Japanese automakers, including No. 1 Toyota Motor Corp., called production halts Wednesday at factories in Japan because of quake damage at a major parts supplier.
The temporary closure of auto parts maker Riken Corp.’s plant at Kashiwazaki city, near the epicenter of Monday’s magnitude 6.8 quake, has forced Toyota, Nissan Motor Co. Mitsubishi Motors Corp. and Fuji Heavy Industries to scale back production.
Toyota, Japan’s top automaker, will stop production lines at a dozen factories centered in central Aichi prefecture Thursday afternoon and all day Friday, said Toyota spokesman Paul Nolasco.
The company will assess the situation at Riken, supplier of key transmission and engine parts to Toyota, before deciding whether to resume production on Monday, he said.
Nolasco said it was “too early to tell” whether the halt would affect deliveries to domestic and overseas dealers.
Tom Libby, J.D. Power and Associates’ senior director of industry analysis, said customers shouldn’t notice the shutdown because Toyota likely has sufficient inventory to cover a few days of lost production.
“I don’t think their inventory is that tight. I think they’ll be able to adjust and probably make up for it afterwards,” Libby said.
He said he was unsure of the impact if the shutdown lasts beyond the end of the week.
For now, it should have minimal impact on U.S. customers because Toyota has sufficient inventory on hand, said Mona Richard, a company spokeswoman in Detroit.
Toyota, which makes the top-selling Camry and other models in America, currently has no plans to increase U.S. production. The parts plant that caused the shutdown in Japan supplies only Japanese plants, Richard said.
Nissan Motor Co. said Wednesday it was also halting some production lines at two factories on the main island of Honshu for at least two days starting Friday because of supply delays from Riken.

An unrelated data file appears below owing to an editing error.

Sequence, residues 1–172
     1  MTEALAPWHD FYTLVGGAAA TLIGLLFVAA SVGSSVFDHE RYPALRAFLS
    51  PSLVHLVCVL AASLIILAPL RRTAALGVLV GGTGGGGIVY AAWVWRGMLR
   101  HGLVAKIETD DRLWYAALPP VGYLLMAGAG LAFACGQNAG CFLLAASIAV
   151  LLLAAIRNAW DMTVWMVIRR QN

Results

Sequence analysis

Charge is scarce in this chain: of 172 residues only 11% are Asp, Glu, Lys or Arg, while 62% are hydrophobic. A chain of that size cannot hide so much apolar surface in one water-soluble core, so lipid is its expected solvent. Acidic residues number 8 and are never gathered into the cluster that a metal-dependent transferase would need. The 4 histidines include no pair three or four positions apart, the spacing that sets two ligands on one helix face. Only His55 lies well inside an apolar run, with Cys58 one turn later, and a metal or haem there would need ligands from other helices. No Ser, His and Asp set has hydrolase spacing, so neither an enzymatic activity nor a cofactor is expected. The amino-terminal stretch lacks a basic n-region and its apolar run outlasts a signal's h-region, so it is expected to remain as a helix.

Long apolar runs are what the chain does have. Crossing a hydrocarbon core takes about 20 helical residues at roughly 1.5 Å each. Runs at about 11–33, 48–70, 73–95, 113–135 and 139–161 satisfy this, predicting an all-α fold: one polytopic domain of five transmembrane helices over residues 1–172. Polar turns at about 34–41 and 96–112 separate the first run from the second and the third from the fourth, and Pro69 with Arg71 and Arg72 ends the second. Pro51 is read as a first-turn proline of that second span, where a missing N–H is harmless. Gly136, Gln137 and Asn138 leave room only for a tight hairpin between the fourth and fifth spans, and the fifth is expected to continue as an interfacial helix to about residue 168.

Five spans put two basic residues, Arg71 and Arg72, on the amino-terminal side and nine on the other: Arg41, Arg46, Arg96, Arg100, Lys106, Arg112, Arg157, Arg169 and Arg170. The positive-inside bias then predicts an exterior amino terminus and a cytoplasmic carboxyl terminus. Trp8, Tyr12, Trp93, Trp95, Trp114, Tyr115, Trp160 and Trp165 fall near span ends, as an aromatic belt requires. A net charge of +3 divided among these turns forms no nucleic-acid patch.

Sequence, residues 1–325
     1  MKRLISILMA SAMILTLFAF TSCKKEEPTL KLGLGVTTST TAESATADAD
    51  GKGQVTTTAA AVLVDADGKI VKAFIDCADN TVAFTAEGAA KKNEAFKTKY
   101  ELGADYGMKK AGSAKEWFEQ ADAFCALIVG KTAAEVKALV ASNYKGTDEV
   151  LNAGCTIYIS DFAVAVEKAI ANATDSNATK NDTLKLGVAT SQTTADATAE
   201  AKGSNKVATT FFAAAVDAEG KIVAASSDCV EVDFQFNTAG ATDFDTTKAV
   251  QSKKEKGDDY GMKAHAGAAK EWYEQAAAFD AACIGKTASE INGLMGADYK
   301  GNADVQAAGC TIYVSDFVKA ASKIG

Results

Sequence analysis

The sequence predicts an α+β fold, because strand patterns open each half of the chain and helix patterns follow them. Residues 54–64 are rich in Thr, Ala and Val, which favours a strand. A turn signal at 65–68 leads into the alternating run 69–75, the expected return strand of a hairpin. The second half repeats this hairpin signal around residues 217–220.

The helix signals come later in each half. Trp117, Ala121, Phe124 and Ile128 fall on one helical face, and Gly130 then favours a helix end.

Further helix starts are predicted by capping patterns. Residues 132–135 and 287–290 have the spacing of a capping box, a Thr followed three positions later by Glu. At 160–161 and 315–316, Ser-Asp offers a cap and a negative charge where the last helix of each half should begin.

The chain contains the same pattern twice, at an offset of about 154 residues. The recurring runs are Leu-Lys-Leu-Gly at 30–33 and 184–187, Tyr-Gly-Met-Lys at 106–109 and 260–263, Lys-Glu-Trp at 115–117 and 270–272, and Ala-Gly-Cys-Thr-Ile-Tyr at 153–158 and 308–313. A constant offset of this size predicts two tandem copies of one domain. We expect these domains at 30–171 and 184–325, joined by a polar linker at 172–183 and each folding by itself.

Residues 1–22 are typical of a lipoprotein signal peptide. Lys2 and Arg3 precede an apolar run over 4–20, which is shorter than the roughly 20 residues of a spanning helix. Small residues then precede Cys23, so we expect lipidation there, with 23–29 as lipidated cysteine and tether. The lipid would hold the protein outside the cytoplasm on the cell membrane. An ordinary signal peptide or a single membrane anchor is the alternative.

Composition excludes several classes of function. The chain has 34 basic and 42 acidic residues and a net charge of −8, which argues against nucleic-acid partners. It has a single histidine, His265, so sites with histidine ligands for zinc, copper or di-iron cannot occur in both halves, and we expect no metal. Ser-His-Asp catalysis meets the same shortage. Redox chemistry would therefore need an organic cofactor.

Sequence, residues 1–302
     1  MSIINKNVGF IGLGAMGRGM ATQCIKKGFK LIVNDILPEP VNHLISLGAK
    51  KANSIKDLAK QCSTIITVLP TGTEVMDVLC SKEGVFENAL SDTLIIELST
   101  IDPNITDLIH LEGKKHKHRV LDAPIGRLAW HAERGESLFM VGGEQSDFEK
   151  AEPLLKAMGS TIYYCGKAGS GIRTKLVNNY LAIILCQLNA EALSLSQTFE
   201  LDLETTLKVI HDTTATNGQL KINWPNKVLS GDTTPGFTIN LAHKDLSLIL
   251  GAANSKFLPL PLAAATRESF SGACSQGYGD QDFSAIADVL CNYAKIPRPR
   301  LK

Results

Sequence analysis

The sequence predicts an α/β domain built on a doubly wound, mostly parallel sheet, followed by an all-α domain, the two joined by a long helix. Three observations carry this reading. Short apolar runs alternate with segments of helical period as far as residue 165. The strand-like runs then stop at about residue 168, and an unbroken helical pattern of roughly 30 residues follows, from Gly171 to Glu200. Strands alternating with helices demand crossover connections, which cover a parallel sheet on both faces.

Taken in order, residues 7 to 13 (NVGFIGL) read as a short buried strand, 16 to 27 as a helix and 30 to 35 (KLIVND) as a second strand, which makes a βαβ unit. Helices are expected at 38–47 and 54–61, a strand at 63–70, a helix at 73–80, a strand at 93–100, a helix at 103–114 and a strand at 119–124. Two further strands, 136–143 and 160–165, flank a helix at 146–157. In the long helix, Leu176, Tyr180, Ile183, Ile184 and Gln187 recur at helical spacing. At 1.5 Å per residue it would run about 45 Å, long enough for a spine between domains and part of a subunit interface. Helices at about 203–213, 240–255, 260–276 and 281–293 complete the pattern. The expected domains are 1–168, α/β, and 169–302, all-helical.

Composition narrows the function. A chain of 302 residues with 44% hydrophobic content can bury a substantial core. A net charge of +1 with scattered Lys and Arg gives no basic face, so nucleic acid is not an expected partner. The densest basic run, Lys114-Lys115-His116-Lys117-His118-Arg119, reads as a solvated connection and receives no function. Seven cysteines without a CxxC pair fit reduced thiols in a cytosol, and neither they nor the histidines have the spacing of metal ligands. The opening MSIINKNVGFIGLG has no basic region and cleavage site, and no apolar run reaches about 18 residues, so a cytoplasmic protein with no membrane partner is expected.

But Nissan expected to quickly make up for any delays, said spokesman Yuichi Nakagawa.
Fuji Heavy, maker of Subaru cars, said earlier Wednesday it would stop production of its five mini car models because it is uncertain when it will receive its next shipment of piston rings from Riken.
Mitsubishi Motors also said it was stopping assembly at three plants later in the week for several days because it is unable to procure enough parts from Riken.
The problems at Riken were also threatening production at Honda Motor Co., the automaker’s president told public broadcaster NHK.
“If things don’t get better today, we’re going to stop, too,” Takeo Fukui said. “We are just able to hold out until the weekend,” he said.
Riken said in a statement it was rushing to fix the damage at its Kashiwazaki plant and hoped to get the factory online as soon as possible.
Still, fears of production delays at Japanese automakers drove share prices down in Tokyo on Wednesday.
Fuji Heavy shares fell 1.82 percent to 592 yen on the Tokyo Stock Exchange. Honda shares fell 0.66 percent to 4,490 yen.
Toyota lost 1.32 percent to 7,460 yen, and Nissan Motor Co. lost 0.53 percent to 1,313 yen.
Monday’s quake, which killed at least 9 people and caused a slew of problems at a nuclear power plant, has wreaked havoc on other companies with factories in the region.
Fuji Xerox Co. said Tuesday it had halted a printer plant damaged in the quake.